For the first time since November 2014, the prices of spot liquified natural gas (LNG) have seen a northward movement. Despite a steep year-on-year decline, the average Japan Korea Marker (JKM) — the benchmark price assessment for spot physical cargoes — for May showed an increase of 1.4% at $7.380/mBtu against $7.279 in April, show data from Platts.
This spells good news for PSU gas marketing and trading company GAIL (India), which is reeling under pressure as it imports most LNG through long-term contracts that are costlier than spot and finding no buyers. As few northeast Asian buyers remained by the end of the assessment period, the focus shifted to India, where importers were seeking prompt cargoes for May delivery. This provided support to prices in the country, with India becoming the premium market in the last few days of the trading month.
“Spot LNG demand for India does look strong heading into the summer. There has been more activity from GAIL, Petronet and GSPC for summer cargoes, possibly due to supply from Yemen being cut off. The more expensive LNG from Qatar delivered on long-term contracts has been cut down,” said Max Gostelow, Platts pricing analyst for Asia LNG.
Year-on-year demand from India looks stable, say analysts. Over the first quarter in 2014, total imported volumes were 3.07 million tonne, while Indian buyers imported only 3.01 million tonne in 2015. The LNG offtake from West Asia is significantly lower at 2.4 million tonne during January-March period compared with 2.78 million tonne in the same perid last year.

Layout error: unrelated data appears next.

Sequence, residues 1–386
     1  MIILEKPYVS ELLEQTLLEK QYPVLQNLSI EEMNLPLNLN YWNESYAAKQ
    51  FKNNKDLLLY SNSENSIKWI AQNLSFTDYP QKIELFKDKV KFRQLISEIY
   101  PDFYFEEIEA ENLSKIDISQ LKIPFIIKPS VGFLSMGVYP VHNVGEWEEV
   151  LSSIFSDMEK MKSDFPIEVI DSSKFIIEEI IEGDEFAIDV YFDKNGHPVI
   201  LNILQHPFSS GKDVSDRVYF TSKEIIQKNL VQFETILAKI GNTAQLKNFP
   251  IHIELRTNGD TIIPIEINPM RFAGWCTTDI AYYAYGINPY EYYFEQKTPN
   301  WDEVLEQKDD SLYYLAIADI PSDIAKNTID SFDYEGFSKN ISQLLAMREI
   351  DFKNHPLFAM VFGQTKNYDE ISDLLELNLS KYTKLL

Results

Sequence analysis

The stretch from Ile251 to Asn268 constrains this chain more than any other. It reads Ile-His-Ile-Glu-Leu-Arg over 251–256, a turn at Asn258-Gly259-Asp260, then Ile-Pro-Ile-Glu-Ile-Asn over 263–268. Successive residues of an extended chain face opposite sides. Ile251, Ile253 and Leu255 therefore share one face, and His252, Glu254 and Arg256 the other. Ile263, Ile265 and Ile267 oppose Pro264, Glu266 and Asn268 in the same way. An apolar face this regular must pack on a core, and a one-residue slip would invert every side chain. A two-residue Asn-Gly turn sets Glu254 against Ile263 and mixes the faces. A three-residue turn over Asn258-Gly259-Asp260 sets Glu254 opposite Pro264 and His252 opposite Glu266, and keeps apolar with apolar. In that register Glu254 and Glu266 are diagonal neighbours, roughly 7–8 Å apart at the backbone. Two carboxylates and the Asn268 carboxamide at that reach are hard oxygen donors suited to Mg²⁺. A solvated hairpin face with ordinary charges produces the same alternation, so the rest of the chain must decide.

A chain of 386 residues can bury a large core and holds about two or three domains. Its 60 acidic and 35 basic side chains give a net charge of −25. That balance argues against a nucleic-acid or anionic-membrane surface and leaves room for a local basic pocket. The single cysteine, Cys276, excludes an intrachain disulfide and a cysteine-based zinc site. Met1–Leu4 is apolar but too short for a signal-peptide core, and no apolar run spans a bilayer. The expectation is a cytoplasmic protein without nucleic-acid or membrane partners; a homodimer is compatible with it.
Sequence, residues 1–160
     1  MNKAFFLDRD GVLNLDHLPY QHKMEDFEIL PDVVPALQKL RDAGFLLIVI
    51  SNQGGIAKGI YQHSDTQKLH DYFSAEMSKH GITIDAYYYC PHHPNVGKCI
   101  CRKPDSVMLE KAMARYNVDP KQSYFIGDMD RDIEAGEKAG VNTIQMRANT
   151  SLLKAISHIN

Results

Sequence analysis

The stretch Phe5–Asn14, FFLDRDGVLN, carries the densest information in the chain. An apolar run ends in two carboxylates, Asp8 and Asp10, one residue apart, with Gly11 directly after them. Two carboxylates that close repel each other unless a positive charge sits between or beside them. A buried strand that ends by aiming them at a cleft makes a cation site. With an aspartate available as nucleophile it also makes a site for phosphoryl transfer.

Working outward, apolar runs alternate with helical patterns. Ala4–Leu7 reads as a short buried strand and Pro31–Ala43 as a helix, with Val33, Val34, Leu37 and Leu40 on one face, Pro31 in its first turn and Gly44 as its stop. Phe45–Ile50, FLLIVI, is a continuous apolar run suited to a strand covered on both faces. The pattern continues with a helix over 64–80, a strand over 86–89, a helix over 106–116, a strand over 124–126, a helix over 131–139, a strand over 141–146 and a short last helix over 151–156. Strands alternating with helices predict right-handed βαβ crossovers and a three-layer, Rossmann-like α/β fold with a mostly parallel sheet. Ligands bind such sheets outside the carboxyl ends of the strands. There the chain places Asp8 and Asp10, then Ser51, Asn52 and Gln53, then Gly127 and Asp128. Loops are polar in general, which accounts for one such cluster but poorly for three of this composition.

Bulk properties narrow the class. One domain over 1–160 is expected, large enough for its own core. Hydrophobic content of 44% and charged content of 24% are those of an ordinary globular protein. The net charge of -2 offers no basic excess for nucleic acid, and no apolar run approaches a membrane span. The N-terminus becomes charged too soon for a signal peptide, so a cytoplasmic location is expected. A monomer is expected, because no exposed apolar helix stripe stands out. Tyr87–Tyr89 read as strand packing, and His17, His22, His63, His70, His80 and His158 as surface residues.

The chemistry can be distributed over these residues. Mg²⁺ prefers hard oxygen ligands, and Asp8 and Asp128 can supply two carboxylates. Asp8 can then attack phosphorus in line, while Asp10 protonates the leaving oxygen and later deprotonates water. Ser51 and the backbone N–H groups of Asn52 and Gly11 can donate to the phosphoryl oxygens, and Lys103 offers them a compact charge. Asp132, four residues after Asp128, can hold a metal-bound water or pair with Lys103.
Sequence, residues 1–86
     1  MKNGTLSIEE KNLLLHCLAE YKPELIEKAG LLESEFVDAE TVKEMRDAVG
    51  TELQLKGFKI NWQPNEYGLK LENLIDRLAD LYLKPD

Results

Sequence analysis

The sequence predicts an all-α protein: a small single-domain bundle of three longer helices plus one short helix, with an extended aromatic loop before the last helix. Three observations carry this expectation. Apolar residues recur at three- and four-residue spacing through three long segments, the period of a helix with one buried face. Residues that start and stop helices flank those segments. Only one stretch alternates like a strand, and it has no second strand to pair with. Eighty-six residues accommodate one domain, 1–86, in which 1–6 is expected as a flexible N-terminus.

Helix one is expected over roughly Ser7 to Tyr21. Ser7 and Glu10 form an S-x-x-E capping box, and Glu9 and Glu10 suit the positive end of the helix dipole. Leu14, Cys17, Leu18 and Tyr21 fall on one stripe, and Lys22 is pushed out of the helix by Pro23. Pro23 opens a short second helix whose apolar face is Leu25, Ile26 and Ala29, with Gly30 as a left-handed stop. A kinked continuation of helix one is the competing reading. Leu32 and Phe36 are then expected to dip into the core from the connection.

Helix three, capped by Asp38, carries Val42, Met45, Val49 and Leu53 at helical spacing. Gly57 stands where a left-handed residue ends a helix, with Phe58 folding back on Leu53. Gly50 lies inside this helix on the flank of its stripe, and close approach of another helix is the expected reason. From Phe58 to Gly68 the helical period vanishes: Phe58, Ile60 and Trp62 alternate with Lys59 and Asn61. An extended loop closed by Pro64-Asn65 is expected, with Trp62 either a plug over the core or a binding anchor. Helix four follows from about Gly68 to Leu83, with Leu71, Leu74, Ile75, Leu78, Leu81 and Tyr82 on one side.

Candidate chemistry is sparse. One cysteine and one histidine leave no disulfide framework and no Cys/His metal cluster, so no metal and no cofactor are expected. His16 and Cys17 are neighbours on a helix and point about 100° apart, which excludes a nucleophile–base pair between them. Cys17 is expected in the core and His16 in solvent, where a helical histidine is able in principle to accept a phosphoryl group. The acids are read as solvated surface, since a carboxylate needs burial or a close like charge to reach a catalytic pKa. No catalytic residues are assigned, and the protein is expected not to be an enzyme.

“The main reason for this is the lower Qatari (the more expensive long-term contract prices) volumes this year. Qatar sent 2.71 million tonne during January-March 2014 against 2.05 million tonne in the same months this year,” said Gostelow.
GAIL’s contracts to purchase 5.8 million tonne per annum (mtpa) of Henry Hub linked gas and the selling that in India starting 2018-19 was expected to provide large operating leverage and earnings growth to the company. However, in the current scenario where spot purchases are cheaper, GAIL’s expected upside is at risk, say analysts. Industry watchers feel while GAIL may be able to divert cargoes closer to the US (lower shipping costs), there is a risk GAIL may be forced to pay unutilised take-or-pay charges on LNG capacity.
“The prices at which GAIL will import natural gas from the US are likely to be among the most competitive in the world as these will be linked to Henry Hub prices, among the lowest globally. In view of the same, we expect customers in India to find the delivered prices quite attractive,” said the GAIL spokesperson.
With ample cargoes on contract and high inventories to cover demand, northeast Asian buyers’ appetite for spot cargoes remained weak. Spot purchases were mainly observed to be from opportunistic buyers interested in low-cost prompt cargoes.
“Optimising the supply chain, both during construction and operations, is key to reducing costs and speeding up the time to market for LNG projects,” says Gaurav Moda, head (oil & gas practice) at KPMG India. “Those companies that proactively address supply chain now will be best-placed both to deliver their existing projects successfully, and to launch new ones ahead of the competition.”